# Finding a limit algebraically

• Sep 13th 2009, 11:15 AM
Finding a limit algebraically

lim as x approaches square root of 3. ((square root x^2+1) - 2)/(x - square root 3)

hopefully that equation makes sense, I don't know how to make all the symbols &such..

• Sep 13th 2009, 11:19 AM
VonNemo19
Quote:

lim as x approaches square root of 3. ((square root x^2+1) - 2)/(x - square root 3)

hopefully that equation makes sense, I don't know how to make all the symbols &such..

Rationalize the denomiator by multiplying both Num. and Den. by the conjugate of the Num.

Ie Multiply by $\displaystyle (\sqrt{x^2+1}+2)$ and see where that takes you
• Sep 13th 2009, 11:26 AM
ok, i got (4 square root 3)/((square root 3) - 3)

that doesn't seem right.. did i do something wrong, or does it reduce more?? i tried taking the limit using my ti-89 &it said square root 3 over 2.. but i've got to show all my work.. thanks for your reply!
• Sep 13th 2009, 11:27 AM
VonNemo19
Quote:

ok, i got (4 square root 3)/((square root 3) - 3)

that doesn't seem right.. did i do something wrong, or does it reduce more?? i tried taking the limit using my ti-89 &it said square root 3 over 2.. but i've got to show all my work.. thanks for your reply!

I apologize. I've updated my last post. Sorry.
• Sep 13th 2009, 11:29 AM
wouldn't you get "undefined" if you did it that way?
• Sep 13th 2009, 11:44 AM
VonNemo19
Quote:

wouldn't you get "undefined" if you did it that way?

Im sorry, for some reason my brain isn't working right right now. Here's the solution.
1.Multiply by the conjugate of the Num and simplify. Then multiply by the conjugate of the Dem. and simplify.
$\displaystyle \lim_{x\to\sqrt{3}}\frac{\sqrt{x^2+1}-2}{x-\sqrt{3}}=\lim_{x\to\sqrt{3}}\frac{(\sqrt{x^2+1}-2)(\sqrt{x^2+1}+2)}{(x-\sqrt{3})(\sqrt{x^2+1}+2)}$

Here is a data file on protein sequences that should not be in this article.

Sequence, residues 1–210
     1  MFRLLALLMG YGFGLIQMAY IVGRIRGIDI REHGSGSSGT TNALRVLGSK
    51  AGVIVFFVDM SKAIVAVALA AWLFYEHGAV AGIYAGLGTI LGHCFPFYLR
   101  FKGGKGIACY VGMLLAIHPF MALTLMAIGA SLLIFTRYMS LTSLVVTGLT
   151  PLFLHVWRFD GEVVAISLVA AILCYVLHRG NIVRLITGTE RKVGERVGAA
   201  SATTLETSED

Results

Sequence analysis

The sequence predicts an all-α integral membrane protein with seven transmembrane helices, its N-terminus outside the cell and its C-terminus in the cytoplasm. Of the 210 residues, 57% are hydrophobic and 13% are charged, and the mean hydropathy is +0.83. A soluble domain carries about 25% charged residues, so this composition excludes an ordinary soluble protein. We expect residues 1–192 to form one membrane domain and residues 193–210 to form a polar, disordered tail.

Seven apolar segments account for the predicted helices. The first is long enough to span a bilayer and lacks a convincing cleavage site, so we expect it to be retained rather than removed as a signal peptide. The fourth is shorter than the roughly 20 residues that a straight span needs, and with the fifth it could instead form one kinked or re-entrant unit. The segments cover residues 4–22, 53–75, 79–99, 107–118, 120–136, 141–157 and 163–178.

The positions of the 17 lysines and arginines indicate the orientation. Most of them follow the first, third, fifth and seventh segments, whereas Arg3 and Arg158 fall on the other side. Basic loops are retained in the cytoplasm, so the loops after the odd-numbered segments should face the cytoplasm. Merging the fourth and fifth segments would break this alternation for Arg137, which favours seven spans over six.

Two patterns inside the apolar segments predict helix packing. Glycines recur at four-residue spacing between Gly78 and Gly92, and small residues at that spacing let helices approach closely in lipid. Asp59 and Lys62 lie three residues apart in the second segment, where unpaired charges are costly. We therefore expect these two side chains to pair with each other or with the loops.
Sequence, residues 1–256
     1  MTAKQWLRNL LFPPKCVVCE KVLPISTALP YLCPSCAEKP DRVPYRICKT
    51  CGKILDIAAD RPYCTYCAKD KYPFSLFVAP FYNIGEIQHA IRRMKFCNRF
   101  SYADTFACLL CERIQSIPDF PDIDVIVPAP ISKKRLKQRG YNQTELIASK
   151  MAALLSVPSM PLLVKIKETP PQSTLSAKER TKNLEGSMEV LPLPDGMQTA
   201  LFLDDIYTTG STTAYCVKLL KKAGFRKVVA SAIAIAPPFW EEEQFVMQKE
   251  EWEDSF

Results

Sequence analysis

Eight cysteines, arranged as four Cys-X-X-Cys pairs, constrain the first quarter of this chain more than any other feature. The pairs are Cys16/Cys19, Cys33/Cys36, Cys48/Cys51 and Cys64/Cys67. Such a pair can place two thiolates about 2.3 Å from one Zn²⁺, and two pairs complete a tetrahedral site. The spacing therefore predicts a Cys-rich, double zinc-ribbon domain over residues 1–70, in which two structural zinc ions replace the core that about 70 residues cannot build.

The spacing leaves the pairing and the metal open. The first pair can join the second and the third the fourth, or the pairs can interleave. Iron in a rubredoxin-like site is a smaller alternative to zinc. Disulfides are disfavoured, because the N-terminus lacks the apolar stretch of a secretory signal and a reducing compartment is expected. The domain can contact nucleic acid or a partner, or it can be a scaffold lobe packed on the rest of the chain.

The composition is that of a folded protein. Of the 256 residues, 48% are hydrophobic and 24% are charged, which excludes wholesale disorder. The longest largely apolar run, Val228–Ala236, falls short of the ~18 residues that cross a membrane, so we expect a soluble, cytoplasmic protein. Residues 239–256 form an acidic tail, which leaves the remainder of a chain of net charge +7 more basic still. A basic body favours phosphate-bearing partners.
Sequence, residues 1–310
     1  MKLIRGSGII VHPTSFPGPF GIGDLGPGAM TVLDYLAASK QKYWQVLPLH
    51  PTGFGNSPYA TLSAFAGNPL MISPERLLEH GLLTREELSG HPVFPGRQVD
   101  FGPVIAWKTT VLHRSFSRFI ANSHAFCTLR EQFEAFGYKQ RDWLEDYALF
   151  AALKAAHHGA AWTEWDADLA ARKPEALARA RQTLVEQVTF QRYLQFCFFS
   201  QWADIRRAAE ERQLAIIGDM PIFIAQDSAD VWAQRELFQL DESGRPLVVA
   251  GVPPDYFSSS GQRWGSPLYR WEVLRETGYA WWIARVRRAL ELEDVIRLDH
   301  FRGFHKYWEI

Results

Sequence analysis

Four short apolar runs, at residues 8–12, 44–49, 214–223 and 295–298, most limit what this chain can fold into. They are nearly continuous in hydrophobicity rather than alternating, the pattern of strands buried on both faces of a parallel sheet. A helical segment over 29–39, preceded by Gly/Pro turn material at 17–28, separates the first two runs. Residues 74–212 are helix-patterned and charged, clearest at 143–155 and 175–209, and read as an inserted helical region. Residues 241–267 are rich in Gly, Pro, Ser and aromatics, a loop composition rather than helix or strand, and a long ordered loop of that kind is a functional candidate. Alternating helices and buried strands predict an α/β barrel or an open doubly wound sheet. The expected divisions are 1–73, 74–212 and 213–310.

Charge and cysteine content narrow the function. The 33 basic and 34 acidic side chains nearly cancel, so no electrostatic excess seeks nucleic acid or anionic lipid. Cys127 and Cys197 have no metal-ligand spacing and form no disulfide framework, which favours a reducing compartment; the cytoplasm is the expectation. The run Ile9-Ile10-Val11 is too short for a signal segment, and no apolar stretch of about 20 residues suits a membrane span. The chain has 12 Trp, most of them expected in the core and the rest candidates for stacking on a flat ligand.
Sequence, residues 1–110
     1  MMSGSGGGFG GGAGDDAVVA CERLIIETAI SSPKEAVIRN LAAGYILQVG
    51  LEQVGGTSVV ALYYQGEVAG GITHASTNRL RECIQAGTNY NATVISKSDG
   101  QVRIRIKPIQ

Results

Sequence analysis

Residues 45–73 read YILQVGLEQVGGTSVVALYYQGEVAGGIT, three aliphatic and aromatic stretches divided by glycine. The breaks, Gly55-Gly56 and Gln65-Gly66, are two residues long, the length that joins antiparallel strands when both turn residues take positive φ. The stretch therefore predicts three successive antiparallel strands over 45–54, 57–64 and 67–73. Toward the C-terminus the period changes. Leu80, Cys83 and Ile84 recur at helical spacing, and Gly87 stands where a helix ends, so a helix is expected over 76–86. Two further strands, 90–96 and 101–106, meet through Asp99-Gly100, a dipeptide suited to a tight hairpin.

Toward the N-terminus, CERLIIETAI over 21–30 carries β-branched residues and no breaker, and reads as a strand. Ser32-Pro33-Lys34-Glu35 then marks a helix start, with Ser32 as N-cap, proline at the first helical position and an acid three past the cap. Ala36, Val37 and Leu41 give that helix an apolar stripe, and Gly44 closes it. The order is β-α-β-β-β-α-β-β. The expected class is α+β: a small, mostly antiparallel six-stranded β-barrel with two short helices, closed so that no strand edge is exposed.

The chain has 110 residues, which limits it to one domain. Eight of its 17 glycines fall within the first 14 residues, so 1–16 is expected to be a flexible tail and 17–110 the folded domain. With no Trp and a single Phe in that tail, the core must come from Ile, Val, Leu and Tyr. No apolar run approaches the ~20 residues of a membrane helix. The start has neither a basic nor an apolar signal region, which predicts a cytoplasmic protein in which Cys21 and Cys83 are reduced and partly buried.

$\displaystyle =\lim_{x\to\sqrt{3}}\frac{(x^2-3)(x+\sqrt{3})}{(x-\sqrt{3})(\sqrt{x^2+1}+2)(x+\sqrt{3})}=\lim_{x\to\ sqrt{3}}\frac{(x^2-3)(x+\sqrt{3})}{(x^2-3)(\sqrt{x^2+1}+2)}$

Can you see?
• Sep 13th 2009, 11:49 AM
how did you get to x^2-3 ? Since the 1 is under the radical?
• Sep 13th 2009, 11:54 AM
VonNemo19
Quote:

$\displaystyle [(\sqrt{x^2+1})-2][(\sqrt{x^2+1})+2]=$$\displaystyle (\sqrt{x^2+1})^2-2\sqrt{x^2+1}+2\sqrt{x^2+1}-4=x^2+1-4=x^2-3 • Sep 13th 2009, 12:02 PM JessicaWade ok sorry, it just seems like the radical disappeared? anyway.. don't you still get a zero in the denominator?? • Sep 13th 2009, 12:07 PM JessicaWade ok, nevermind i see it.. just still confused about the radical going away, but that's alright.. thank you VERY much! • Sep 13th 2009, 12:13 PM VonNemo19 Quote: Originally Posted by JessicaWade ok sorry, it just seems like the radical disappeared? The radical dissapears because \displaystyle (\sqrt{x^2+1})^2=x^2+1. Inverse processes, ya know? Quote: Originally Posted by JessicaWade anyway.. don't you still get a zero in the denominator?? No because the \displaystyle (x^2-3)'s cancel leaving \displaystyle \lim_{x\to\sqrt{3}}\frac{x+\sqrt{3}}{\sqrt{x^2+1}+ 2}=\frac{\sqrt{3}+\sqrt{3}}{\sqrt{\sqrt{3}^2+2}+1}$$\displaystyle =\frac{2\sqrt{3}}{\sqrt{3+1}+2}=\frac{2\sqrt{3}}{4 }=\frac{\sqrt{3}}{2}$